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What is Plated Steel?

What is plated steel

Plating metal has been done for hundreds of years. Plating is done for a number of reasons, and it’s an essential part of modern industries. Plating steel parts allows us to use them in a much wider variety of industries and use cases.

Plating steel with Zinc or Chromium has similar benefits to anodizing aluminum, and the process can be similar.

In this article, we’ll share the benefits of plating steel, different methods we use to plate steel parts, and more.

Benefits of plating steel

Steel is the most commonly used metal in the world. But on its own, steel has some significant disadvantages. The main issue with steel is that it’s subject to rust and corrosion when it’s exposed to moisture. 

Plating steel parts reduces corrosion, increases the hardness, improve wearability, reduces friction, and can alter conductivity. There are a few different types of plating, and they each have unique pros and cons. 

Increased resistance

One of the primary benefits of plating steel is the increased resistance to wear. Steel is a hard metal with high yield and tensile strength, but it’s more subject to corrosion. When steel parts are plated with a protective material, the longevity and durability increases. 

Metal plating protects steel parts from chemical damage, friction, and corrosion.


Another benefit of plated steel is a better aesthetic appearance. After machining the steel parts, they can be electroplated, or plated with zinc or chromium. The plating process reduces minor imperfections and scratches, and prevents future rust. Plating steel also makes parts easier to clean making routine maintenance faster and easier.

Zinc Plated Steel

Zinc is one of the most common materials used in plating processes. Zinc plating, also called electro-galvanizing, involves adding a thin layer of zinc to the outside of a steel part. Zinc plating can still rust and doesn’t prevent all corrosion, but it rusts at 1/30th the rate of steel.

The parts are immersed in a chemical solution of zinc and an electrical current is used to apply the layer of zinc. Zinc plating usually adds a thickness between 5μm and 25μm (0.005mm-0.025mm).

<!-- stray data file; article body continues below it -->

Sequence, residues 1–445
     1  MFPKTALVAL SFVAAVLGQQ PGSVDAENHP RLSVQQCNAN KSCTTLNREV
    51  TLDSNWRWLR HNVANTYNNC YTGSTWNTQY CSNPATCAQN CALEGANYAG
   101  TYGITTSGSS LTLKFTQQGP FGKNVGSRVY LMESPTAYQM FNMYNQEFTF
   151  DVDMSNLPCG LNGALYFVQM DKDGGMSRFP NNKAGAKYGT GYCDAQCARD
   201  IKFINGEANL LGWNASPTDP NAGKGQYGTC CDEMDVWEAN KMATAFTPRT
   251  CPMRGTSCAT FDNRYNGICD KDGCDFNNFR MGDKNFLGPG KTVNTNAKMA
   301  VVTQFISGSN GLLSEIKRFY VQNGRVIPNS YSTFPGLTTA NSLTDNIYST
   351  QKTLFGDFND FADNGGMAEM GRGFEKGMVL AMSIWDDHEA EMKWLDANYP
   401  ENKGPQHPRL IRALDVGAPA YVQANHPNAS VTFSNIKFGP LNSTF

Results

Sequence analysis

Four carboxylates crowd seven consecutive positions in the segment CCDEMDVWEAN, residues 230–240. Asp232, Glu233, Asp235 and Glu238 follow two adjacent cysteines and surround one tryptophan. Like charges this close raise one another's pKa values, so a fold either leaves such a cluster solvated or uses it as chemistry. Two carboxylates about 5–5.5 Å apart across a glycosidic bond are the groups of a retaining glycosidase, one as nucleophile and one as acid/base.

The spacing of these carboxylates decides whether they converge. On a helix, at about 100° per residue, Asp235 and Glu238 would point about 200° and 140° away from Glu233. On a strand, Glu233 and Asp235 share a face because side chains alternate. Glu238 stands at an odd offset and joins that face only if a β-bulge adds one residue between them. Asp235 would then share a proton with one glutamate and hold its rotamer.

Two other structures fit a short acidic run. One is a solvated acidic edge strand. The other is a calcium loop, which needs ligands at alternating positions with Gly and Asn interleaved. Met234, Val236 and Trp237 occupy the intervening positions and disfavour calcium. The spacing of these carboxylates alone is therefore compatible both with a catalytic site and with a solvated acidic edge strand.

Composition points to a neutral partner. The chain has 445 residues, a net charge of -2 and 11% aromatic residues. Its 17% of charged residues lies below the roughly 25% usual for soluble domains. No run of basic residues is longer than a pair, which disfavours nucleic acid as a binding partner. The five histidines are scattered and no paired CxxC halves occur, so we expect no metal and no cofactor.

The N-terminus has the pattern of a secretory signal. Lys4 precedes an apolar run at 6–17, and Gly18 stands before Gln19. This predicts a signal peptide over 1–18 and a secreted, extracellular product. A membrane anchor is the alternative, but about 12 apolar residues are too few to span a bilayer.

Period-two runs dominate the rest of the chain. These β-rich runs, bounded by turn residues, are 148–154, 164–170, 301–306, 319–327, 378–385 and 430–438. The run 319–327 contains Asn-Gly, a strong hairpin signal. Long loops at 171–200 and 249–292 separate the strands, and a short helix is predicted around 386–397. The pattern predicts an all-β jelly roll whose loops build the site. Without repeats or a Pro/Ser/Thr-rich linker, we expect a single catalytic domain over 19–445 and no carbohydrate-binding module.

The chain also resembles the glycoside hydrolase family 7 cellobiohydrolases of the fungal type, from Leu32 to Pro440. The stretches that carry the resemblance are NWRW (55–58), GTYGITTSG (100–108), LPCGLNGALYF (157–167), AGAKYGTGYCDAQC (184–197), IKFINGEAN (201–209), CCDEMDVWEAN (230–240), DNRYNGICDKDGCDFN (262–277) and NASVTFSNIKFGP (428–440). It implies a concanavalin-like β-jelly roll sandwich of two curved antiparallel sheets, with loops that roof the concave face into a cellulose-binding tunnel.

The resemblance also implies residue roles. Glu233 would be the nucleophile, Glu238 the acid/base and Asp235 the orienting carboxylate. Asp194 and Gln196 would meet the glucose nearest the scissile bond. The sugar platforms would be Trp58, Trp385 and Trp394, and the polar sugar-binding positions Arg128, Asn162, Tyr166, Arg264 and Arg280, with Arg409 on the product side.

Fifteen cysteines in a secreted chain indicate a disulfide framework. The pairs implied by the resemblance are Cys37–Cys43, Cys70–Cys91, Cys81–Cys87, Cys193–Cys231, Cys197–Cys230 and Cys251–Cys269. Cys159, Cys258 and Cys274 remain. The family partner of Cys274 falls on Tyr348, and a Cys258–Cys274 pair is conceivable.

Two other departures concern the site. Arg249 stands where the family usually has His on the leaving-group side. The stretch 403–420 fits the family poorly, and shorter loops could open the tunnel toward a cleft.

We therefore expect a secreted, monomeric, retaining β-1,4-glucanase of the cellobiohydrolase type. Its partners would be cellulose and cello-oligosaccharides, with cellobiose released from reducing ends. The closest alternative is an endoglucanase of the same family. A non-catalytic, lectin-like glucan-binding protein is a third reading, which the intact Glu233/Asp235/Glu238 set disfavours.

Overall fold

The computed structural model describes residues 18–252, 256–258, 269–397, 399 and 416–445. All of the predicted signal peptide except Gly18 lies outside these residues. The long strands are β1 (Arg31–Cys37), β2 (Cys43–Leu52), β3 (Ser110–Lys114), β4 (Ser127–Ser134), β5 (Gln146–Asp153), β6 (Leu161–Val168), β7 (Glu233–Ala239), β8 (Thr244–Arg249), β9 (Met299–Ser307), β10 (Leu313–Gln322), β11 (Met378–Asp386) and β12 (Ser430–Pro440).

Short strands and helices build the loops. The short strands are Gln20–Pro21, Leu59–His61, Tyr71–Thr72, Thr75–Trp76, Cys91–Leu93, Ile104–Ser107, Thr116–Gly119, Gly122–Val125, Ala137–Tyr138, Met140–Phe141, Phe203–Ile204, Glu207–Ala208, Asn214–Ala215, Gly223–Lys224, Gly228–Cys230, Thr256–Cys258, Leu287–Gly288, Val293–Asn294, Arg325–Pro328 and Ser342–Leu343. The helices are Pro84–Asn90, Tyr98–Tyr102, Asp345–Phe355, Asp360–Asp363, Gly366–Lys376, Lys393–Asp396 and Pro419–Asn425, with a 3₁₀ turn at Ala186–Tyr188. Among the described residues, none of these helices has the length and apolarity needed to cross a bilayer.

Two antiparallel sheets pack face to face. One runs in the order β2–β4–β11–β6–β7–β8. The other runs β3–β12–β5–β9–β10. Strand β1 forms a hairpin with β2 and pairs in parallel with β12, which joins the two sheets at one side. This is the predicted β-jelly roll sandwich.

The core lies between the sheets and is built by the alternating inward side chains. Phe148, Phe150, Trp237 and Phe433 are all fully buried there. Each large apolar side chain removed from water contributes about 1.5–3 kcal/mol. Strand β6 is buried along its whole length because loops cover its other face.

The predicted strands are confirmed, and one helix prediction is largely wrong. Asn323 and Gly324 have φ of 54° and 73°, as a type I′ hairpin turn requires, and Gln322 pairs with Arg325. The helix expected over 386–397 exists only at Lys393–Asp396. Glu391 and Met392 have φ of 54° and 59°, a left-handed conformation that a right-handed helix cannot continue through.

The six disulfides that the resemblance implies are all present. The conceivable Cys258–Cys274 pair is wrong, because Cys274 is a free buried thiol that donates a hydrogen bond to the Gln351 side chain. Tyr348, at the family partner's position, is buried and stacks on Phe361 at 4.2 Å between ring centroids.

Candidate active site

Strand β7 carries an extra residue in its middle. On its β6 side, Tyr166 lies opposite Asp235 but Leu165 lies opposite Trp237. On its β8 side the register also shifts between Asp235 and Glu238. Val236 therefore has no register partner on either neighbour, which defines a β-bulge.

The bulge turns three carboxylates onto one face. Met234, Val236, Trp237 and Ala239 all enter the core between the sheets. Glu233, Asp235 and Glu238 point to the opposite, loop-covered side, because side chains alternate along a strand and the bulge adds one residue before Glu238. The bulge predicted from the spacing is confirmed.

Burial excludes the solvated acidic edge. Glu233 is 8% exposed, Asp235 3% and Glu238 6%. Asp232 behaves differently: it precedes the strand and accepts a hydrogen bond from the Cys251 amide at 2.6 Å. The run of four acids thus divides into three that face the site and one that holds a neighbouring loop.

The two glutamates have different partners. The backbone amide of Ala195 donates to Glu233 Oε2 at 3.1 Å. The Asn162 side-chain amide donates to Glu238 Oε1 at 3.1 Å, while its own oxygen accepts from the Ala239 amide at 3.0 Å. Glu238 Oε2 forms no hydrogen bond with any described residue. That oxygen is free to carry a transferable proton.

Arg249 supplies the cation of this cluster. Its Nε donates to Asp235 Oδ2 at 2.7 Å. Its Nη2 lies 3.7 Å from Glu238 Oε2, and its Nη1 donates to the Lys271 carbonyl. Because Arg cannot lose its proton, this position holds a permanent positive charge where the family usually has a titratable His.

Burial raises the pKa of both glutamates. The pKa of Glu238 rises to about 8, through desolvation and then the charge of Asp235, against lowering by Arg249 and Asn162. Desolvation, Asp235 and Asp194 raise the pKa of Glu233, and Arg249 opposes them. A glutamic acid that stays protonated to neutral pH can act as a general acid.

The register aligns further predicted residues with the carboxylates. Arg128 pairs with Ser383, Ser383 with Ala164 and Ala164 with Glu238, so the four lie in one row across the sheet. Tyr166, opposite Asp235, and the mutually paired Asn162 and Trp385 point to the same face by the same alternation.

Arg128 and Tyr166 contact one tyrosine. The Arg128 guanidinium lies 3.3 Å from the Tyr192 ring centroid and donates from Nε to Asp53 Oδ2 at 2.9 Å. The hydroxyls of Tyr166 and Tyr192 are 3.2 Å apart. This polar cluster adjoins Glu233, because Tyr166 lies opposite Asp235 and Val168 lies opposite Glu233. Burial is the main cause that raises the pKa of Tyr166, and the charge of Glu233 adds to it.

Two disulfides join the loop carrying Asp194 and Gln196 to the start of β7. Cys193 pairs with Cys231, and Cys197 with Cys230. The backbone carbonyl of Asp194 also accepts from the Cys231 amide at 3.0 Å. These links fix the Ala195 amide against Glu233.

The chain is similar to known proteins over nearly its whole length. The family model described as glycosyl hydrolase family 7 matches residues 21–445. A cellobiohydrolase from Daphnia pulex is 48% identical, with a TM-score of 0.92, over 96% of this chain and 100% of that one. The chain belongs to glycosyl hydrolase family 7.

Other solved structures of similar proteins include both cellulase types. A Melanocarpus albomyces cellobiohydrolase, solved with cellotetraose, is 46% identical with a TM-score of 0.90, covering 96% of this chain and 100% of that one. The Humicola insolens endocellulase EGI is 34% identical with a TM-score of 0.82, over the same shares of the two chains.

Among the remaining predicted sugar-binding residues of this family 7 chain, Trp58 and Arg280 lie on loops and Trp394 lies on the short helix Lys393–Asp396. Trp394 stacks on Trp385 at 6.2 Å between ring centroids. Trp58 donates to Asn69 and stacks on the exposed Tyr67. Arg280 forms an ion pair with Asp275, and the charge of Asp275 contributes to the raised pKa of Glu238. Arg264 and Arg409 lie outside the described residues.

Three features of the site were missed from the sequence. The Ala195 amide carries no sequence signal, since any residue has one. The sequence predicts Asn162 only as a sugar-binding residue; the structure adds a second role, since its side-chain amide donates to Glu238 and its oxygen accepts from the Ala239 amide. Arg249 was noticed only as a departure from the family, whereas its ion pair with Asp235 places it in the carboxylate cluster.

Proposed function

There’s also a process called cold galvanizing. Essentially, this process adds a layer of zinc-rich primer. This does offer some protection against rusting, but as soon as it’s scratched, moisture can reach the underlying steel causing rust and corrosion.

Chrome plated steel

Chrome plating (also called chromium plating) adds a hard and shiny layer of nickel to steel parts. This technique uses electroplating to add chromium to the outside of the steel. 

The layer of chromium is used to add aesthetic appeal, reduce corrosion, increase the hardness of the parts, and make cleaning easier. If the plating is done for pure aesthetic reasons, a cheaper imitator of chrome is used.

Most of the car parts that are referred to as “chrome”, are steel parts that have been plated several times. This ensures that the chrome plating can withstand temperature changes and weather that a car is subject to. Triple plating is the most durable process. This plates the steel with copper and then nickel before the chromium plating.

Electroless Nickel plating

Electroless nickel plating, also known as enickel or NiP, offers many advantages. This process results in a more uniform layer over more complex part surfaces. This plating is commonly used for ferrous metals steel, and offers better corrosion resistance compared to electroplating.

Electroless Nickel plating is commonly used in the aerospace and automotive industries, but the cost of plating is usually higher than electroplating.

Galvanized steel

Galvanizing is another plating process that adds a layer of zinc to the steel parts. This is typically done by hot galvanizing, where the parts are dipped into a bath of molten hot zinc.

The hot dip leaves a thicker coating of zinc compared to electro-galvanising. This plating offers better durability, but it’s not suitable for all parts. Smaller nuts, bolts, and threaded parts need a thinner layer of zinc to maintain their original features and function. The protection provided by hot-dip galvanizing is insufficient for products that will be constantly exposed to corrosive materials such as acids, including acid rain and outdoor uses.

This graphic compares the amount of material added to steel parts using different plating processes:

Comparison of Zinc Galvanization

Plated Steel vs Stainless Steel

Is plating better than stainless steel?

Chrome plating looks similar to stainless steel, but how do they compare side-by-side? 

Stainless steel is an alloy mix of chromium and nickel; it needs to contain at least 10.5% chromium to be considered stainless steel. Stainless steel is also resistant to corrosion and staining. It’s low maintenance and very durable.

Stainless steel is more durable than chrome plating, but it’s also heavier and more expensive. 

Plated steel may be able to replace stainless steel in certain applications, but it depends on what the part is being used for. The resistance level of plated steel mostly depends on the thickness of the plating, and the environment the part is being used in. 

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